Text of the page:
Seyfarth Synopsis: On November 7, 2017, the U.S. House of Representatives passed the Save Local Businesses Act. If passed by the Senate, the bill would overturn Obama-era decisions and agency guidance broadly defining and holding separate, unrelated companies liable as "joint employers" under federal wage & hour and labor law. Perhaps more importantly, the bill signifies a broader trend to provide more clear guidance and roll-back various Obama-era rules on wage & hour issues.
The Broad Approach to "Joint Employment" Under the Obama Administration
Under the prior Administration, and particularly during the later years, employers who had traditionally relied on contract labor, temporary workers, staffing agencies, subcontractors, and franchise arrangements found themselves in the crosshairs of federal agencies and regulators. Traditionally, joint employer status was found where separate, unrelated entities shared responsibility and exercised direct control over the employment relationship, including decisions affecting the terms and conditions of employment. In that case, both entities could be held jointly liable for violations of wage & hour and other employment laws. The Obama Administration upended this traditional test, however.
In August 2015, the NLRB issued its much-discussed Browning-Ferris decision (addressed here), where the Board adopted an expansive definition of joint employment focusing on the right to control the terms and conditions of employment and the indirect exercise of those rights. (Seyfarth Shaw LLP is leading the appeal of Browning-Ferris to the D.C. Circuit Court of Appeals.) In 2015 and 2016, then-WHD Administrator Dr. David Weil issued two separate Administrator's Interpretations ("AIs") concerning independent contractors and joint employment. In 2015, in an effort to reduce the classification of workers as independent contractors and increase the number of workers subject to the FLSA's minimum wage and overtime requirements, Dr. Weil issued guidance espousing a broad interpretation of who qualifies as an "employee" under the FLSA and highlighting the DOL's position that almost all workers are employees. In 2016, Dr. Weil followed-up with guidance emphasizing the DOL's position that joint employment must be determined based on the economic realities instead of (in their view) artificial corporate or contractual arrangements, including situations involving "horizontal" and "vertical" joint employment (discussed here). This guidance focused on the economic realities of a business's relationship with a given worker, especially noting that indirect control (e.g., control excised solely through a staffing company) can be sufficient for a finding of joint employment. While the AIs were not entitled to judicial deference, we anticipated that some judges would treat Dr. Weil's words as gospel.
As we previously reported, the broader tests espoused by the NLRB and the WHD exposed employers to a myriad of new wage and hour liabilities, investigations, and enforcement actions, and were especially relevant to companies that outsource work, utilize staffing agencies and contractors, or employ a franchisor/franchisee business model. If recent activity by Trump's DOL and Congress is any indication, a shift in regulatory enforcement and focus is well underway.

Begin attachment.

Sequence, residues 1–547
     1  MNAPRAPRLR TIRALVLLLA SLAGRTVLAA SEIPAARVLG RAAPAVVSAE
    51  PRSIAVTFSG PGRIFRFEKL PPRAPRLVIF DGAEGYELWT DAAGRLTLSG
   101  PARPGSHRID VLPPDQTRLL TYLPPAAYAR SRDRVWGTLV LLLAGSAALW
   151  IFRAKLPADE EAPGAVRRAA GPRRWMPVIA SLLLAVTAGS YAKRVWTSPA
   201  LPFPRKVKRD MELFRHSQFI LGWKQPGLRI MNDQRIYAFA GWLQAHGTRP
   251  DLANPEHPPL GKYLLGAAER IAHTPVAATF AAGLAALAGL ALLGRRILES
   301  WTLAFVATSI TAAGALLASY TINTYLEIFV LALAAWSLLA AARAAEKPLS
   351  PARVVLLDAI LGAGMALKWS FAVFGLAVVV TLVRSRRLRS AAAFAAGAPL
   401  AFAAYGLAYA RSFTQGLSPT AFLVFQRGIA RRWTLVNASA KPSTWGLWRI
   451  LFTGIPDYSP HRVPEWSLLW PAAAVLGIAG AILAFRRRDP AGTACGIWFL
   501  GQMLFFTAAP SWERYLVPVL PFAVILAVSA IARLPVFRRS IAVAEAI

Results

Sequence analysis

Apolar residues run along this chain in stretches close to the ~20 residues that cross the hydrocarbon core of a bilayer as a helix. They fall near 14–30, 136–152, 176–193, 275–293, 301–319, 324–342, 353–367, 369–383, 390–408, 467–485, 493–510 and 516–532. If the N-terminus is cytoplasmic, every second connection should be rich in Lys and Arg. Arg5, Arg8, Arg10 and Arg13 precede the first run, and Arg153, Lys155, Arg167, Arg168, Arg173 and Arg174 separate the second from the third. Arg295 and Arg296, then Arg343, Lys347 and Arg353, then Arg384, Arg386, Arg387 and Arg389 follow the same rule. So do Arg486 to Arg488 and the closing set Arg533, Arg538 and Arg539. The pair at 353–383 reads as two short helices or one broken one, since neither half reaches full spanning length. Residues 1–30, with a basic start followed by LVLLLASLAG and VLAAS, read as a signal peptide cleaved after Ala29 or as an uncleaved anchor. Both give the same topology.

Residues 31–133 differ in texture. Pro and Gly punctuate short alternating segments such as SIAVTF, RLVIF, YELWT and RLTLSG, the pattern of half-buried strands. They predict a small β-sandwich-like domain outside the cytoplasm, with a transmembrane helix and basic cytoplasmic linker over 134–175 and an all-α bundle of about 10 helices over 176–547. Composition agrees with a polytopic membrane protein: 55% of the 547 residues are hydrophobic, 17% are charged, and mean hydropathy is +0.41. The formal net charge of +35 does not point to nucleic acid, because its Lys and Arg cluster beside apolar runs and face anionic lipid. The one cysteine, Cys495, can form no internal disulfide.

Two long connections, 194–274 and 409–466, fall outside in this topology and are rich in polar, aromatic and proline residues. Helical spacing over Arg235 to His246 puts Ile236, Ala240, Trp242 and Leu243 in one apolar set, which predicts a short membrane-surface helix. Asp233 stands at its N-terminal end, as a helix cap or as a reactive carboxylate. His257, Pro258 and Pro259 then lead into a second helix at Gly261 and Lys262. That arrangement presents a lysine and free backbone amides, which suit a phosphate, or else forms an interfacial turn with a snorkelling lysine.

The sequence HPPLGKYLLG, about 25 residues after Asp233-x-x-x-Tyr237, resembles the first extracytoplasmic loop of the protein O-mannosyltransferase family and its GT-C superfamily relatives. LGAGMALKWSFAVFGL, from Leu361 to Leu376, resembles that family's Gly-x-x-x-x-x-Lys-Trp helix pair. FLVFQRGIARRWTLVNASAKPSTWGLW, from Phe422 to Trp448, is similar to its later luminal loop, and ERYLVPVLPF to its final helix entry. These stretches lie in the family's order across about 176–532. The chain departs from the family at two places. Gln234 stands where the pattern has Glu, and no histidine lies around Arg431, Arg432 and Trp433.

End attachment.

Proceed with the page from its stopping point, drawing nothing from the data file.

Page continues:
The Winds of "Joint Employment" Are Shifting
As we reported here and here, this summer the DOL withdrew its AIs on joint employment and independent contractors. More recently, on November 7, 2017, the U.S. House of Representatives passed the Save Local Businesses Act by a vote of 242-181, including yes votes from eight Democrats. The bill clarifies the standard for "joint employer" status under the FLSA and the NLRA, and returns to a traditional test that requires "direct, actual, immediate," and "significant" control over the essential terms and conditions of employment, such as hiring, discharging employees, determining rates of pay and benefits, day-to-day supervision, and administering employee discipline.
Implications for Employers
The DOL's decision to withdraw its AIs and the passage of the Save Local Businesses Act are welcome changes for employers who faced significant liability and uncertainty under the Obama-era rules. Although the bill itself still faces a tough road in the Senate—where it will require Democratic support to reach 60 votes and avoid a filibuster—it would represent a significant shift in the federal government's focus. Even if the bill stalls, it nevertheless solidifies a broader regulatory and enforcement trend that may prompt federal courts to return to the traditional and more predictable joint employer test under the FLSA.
Full passage of the Save Local Businesses Act in Congress and signature by the President, however, will not be a panacea for these thorny joint-employer issues. Many states, such as California, still have broad joint-employer tests under their respective wage-hour laws. Courts will also continue to grapple with the proper application and interpretation of these rules, as evidenced by a recent decision from the Fourth Circuit Court of Appeals purporting to define joint employment even more broadly than the Obama Administration. Furthermore, the plaintiffs' bar will continue to push the outer contours of the law in their search to apply joint employer principles more broadly and thereby reach the "deep pockets" of franchisors and other principals. Regardless of what happens to the Save Local Businesses Act, we foresee continued potential exposure and litigation in this arena. Employers—and particularly those in industries that make heavy use of franchises, subcontractors, and staffing agencies—should remain engaged and focused on these issues, and continue to scrutinize their independent contractor relationships, staffing arrangements with third parties, and related contracts.
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